Beyond Beauty: Taiwan From Above 2013

Director: Chi Po-lin
Narrator: Wu Nien-jen
Producer: Hou Hsiao-hsien
Music: Ricky Ho

First aerial documentary from Taiwan, inspired by Yann Arthus-Bertrand’s “Home” (2009).

The film juxtaposes the island’s breathtaking natural scenery with its alarming despoliation by human greed and negligence. The pic managed to raise widespread media and public consciousness at home with its tough-love attitude and fresh cinematic angle and became Taiwan’s highest-grossing domestic documentary. The film won the Golden Horse Award for best documentary and inspired a Facebook post by then-President Ma Ying-jeou, announcing that the government would start work on 16 of the environmental problems highlighted by the film. 

Combining extensive knowledge of Taiwan’s geography (drawn from a long stint at the National Highway Engineering Bureau) with 20 years’ experience as a professional aerial photographer, Chi spent about 400 hours’ flying time over three years to capture his images. Via the sincere, approachable voiceover of masterful Taiwan New Waves creenwriter-helmer Wu Nien-jen (“A Borrowed Life”), the narration, though often mournful, also evokes a Chinese-style poetic romanticism.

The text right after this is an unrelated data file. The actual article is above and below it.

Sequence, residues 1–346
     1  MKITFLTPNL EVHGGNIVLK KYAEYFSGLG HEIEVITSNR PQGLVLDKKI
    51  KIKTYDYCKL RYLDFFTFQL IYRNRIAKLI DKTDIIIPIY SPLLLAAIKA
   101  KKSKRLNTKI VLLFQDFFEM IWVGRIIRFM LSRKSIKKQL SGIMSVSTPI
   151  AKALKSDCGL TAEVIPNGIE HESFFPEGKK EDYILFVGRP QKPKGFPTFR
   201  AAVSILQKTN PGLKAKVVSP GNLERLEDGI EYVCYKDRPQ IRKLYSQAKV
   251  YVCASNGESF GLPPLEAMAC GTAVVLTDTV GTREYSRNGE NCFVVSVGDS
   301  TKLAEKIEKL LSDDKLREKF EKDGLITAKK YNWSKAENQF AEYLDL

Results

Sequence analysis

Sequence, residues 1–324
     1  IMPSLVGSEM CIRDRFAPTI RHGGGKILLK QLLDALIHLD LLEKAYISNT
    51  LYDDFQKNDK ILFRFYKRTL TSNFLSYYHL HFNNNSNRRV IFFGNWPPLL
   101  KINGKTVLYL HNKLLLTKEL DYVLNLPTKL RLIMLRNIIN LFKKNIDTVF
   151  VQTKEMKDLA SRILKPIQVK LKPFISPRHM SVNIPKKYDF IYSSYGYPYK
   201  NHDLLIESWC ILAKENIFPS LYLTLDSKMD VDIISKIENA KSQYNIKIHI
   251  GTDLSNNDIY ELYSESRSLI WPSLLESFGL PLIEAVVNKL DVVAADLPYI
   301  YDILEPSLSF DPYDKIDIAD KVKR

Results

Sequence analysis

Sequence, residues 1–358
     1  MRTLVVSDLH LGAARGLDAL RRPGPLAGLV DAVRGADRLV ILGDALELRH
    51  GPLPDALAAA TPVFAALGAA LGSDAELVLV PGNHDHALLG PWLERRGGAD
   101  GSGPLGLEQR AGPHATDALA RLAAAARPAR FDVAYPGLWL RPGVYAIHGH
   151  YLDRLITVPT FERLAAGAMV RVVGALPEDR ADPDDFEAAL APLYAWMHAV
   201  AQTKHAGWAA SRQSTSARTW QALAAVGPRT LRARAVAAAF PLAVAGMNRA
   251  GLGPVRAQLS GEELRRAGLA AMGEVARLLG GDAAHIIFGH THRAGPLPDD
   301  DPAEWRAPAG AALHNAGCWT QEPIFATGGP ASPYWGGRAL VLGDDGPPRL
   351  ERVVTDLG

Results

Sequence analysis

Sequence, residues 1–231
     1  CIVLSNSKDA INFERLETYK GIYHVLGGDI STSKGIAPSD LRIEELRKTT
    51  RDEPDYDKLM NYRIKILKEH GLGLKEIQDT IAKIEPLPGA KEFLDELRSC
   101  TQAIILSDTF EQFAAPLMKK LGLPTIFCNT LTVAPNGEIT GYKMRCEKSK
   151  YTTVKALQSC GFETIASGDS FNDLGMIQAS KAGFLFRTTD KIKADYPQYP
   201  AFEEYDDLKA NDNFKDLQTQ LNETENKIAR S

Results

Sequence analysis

The score by Singapore’s Ricky Ho (“Warriors of the Rainbow: Seediq Bale”), which features three aboriginal songs written by “Warriors” pastor-turned-lead-actor Lin Ching-tai, brim with uplifting spirituality, especially when sung by a choir that appears to have been airdropped onto an unnervingly tall mountain peak.

Let it Be 2004

(Literally happiness without rice)
Directors: Yen Lan-chuan (顏蘭權) and Jhuang Yi-zeng (莊益增) 

This documentary records the lives of several old farmers (peasants) in Chheⁿ-liâu Village, Āu-piah (i.e., Houbi Township), Tainan County (now part of Tainan City). The film differs from other social realist documentaries: Instead of a defined plotline the directors employ post-modernist collage techniques, arranging fragments of farm-village life along a temporal axis based on the traditional Chinese 24 Solar Terms.

Meant for urban viewers, douli bamboo hats and water buffalo provide symbols of the rural, 'real' Taiwan. At the macro level, the film records the whole process of farming from sowing to harvest. At the micro level, the ncameraclosely observes, like an anthropologist, every detail of rural labor. 

The documentary generated discussion and debate within in the Taiwanese civil society about the impact on agriculture, because of its membership in the World Trade Organization from 2000, when Taiwan rice-growers were unable to compete with low-priced agricultural inputs. It is also a historical document, a record of the resilience and impoverishment of agricultural communities.